So you love Coffee? Ever wondered how it gets from itsorigin to your favourite mug?
We get asked this quite a bit, so here goes: -
A coffee bean is actually a seed. When dried, roasted andground, it is used to brew coffee. But if the seed is not processed, itcan be planted and will grow into a coffee tree.
2. Harvesting the Cherries
Depending on the variety, it will take approximately 3 or 4years for the newly planted coffee trees to begin to bear fruit. The fruit,called the coffee cherry, turns a bright, deep red when it is ripe andready to be harvested.
3. Processing the Cherries
Once the coffee has been picked, processing must begin asquickly as possible to prevent spoilage.
4. Drying the Beans
Once dried, these beans, referred to as 'parchmentcoffee,' are warehoused in sisal or jute bags until they are readied forexport.
5. Milling the Beans
This is an optional process in which any silver skin thatremains on the beans after hulling is removed in a polishing machine. Whilepolished beans are considered superior to unpolished ones, in reality there islittle difference between the two.
6. Exporting the Beans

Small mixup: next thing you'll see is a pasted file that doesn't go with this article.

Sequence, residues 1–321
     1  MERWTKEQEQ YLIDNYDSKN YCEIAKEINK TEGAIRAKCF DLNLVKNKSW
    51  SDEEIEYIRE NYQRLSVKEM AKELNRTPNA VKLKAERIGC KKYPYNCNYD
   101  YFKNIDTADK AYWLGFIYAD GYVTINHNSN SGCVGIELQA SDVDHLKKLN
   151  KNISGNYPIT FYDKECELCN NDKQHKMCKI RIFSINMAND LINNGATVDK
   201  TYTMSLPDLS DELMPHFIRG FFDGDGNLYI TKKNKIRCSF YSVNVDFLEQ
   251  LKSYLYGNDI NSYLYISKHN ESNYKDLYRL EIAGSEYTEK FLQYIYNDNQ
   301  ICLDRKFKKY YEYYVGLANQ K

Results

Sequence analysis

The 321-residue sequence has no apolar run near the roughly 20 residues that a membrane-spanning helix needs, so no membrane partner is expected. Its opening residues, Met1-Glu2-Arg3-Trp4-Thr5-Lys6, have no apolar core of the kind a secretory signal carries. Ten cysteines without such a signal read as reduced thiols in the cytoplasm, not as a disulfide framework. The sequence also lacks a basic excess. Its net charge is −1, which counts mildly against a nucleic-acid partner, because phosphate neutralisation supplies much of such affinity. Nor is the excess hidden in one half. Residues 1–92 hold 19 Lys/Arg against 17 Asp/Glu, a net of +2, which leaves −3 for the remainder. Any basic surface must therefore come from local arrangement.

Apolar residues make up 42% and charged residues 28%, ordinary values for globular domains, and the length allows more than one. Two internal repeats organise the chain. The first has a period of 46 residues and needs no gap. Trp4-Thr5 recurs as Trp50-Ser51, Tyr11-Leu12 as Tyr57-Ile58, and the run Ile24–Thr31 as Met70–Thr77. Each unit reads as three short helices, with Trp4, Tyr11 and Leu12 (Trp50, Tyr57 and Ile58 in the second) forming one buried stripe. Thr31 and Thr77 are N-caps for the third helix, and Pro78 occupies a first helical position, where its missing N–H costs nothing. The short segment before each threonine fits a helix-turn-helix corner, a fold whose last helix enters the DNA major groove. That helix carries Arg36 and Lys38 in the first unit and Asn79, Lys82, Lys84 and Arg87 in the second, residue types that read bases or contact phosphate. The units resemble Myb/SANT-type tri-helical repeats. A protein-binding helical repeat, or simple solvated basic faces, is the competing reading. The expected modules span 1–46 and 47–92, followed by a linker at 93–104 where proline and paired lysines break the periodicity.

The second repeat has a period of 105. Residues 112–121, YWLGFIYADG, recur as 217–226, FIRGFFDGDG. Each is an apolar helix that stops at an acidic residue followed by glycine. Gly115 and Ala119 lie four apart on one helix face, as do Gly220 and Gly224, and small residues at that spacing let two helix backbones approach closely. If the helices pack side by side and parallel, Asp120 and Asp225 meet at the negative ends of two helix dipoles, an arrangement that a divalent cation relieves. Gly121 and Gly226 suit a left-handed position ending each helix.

The milled beans, now referred to as 'green coffee,' areready to be loaded onto ships for transport to the importingcountry. Approximately seven million tons of green coffeeis produced worldwide each year.
7. Tasting the Coffee
At every stage of its production, coffee is repeatedlytested for quality and taste. This process is referred to as 'cupping'and usually takes place in a room specifically designed to facilitate theprocess.
8. Roasting the Coffee
Roasting transforms green coffee into the aromatic brownbeans that we purchase, either whole or already ground, in our favouritestores.
9. Grinding Coffee
The objective of a proper grind is to get the most flavourin a cup of coffee. How coarse or fine the coffee is ground depends on themethod by which the coffee is to be brewed. Generally, the finer the grind themore quickly the coffee should be prepared.
10. Brewing Coffee
Before you brew your coffee, take a moment to look carefullyat the beans. Smell their aroma. Think of the many processes that thesebeans have gone through since the day they were handpicked and sorted in theirorigin country.